Again, India and Pakistan, both permanent members of the organization, have been at loggerheads ever since the British divided India based on religion on the eve of their departure. The relations have slid down to the extent that even the protocol fundamentals are thrown to the winds.
There was a lot of speculation in Pakistan and India about whether the Pakistan foreign minister will participate in the SCO foreign ministers meeting on May 4 and 5, 2023, in New Delhi. The reason for speculation and media flurry was that Pakistan’s foreign minister had called the Indian Prime Minister a “butcher” in his address to the United Nations.
Such a language is unprecedented in diplomatic interaction, yet Pakistan’s foreign minister had no qualms of conscience.
Asked whether India would cancel the invitation to the Pakistan foreign minister to the SCO foreign ministers meet, Indian External Affairs Minister apologetically said that the invitation had been sent following the charter and practice of the SCO.
Since India was hosting the meeting on the recommendation of the previous session of the SCO, it was obliged to send the invitation, notwithstanding the nature of relations between the two countries.
This is a flimsy excuse, and India has lost the chance of making Pakistan pay the price of indecency in conducting bilateral relations.
Heaven would not have fallen if India had refused to send an invitation to Pakistan’s foreign minister and simultaneously informed all other members of the organization that India cannot become a member of any international organization where a member falls to the abyss of indecency and forgets that he is supposed to speak like a statesman.
India should have not only declined to send an invitation but should have also threatened to leave the SCO because it failed to rein in Pakistan as the mother of global terrorism.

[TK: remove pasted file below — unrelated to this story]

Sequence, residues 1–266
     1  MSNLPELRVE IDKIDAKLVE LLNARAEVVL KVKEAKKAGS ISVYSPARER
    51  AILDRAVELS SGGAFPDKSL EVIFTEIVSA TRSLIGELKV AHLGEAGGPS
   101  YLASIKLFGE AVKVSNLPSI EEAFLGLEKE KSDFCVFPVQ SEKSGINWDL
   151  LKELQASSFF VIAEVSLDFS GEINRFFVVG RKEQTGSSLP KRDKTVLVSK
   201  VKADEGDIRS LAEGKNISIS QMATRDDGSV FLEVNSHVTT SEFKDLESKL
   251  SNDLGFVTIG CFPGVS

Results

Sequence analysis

The UN and the US both have banned at least three Pakistan-based terrorist organizations which are active in Kashmir.
India should have also hyphened the Poonch-Rajouri terrorist attacks to Pakistan’s state-sponsored terrorist agenda.
We think New Delhi has missed a decisive action to pillory Pakistan. India should have boldly said that the SCO was given a death blow on the day China used veto power to shield Pakistani terrorists and their outfits.
The anti-terrorist operation in the Poonch-Rajouri sector has entered its 16th day. Indian army has suffered significant losses.
The nation should ask the government how come, in the light of a grave security situation, the Jammu and Kashmir Lieutenant Governor has been trumpeting the so-called restoration of normalcy in the Union Territory.
It is not difficult to understand why terrorism has shifted from Kashmir Valley to Jammu region. There is a nexus between the valley leadership and the jihadists from across the border.
Finding that New Delhi was investing massively in the developmental schemes in Kashmir Valley, they implored Pakistan’s ISI and the jihadi leadership across the border not to disturb the developmental rush in the valley but shift the area of operation to Jammu’s Poonch and Rajouri regions where jihadists can find a solid constituency of the locals to come out with logistical support to the infiltrators.
The ISI has re-opened General Ayub Khan’s Chhamb sector plan, disrupting law and order in the Jammu region with a disastrous impact on security parameters in Kashmir Valley.
It has to be reminded that Masood Azhar, the leader of JeM, is hiding with the Haqqani terrorist group in Afghanistan. Pakistani diehards of JeM have been receiving training and American left-behind arms and ammunition in Afghanistan with tactical instructions from ISI to shift their activities to the Jammu region, where it is easier to find OGW.
The G-20 meeting in Kashmir is not the only reason for exacerbating terrorism in Jammu. If Shahbaz Sharif, Imran Khan, or any other Pakistani government wants prolonged power survival, they must keep the hate-India and hate-Hindu pot boiling.
And lastly, New Delhi must wake up from the stupor that rapid development will clean the poisoned minds of Kashmiris. The stoic silence of the valley leadership and the masses and the intensification of terror in the jungles of Poonch and Rajouri is a low-lying tactic of the grandiose plan of Ghazavatu’l Hind.
Our word to the Indian Defense Minister is, Sir, you are fighting an extremely dangerous and difficult war against two of our hostile neighbors acting in tandem. Please don’t find glory in a stupor.
- Padma Shri KN Pandita is the former Director of the Centre of Central Asian Studies at Kashmir University. Views expressed here are of the author’s.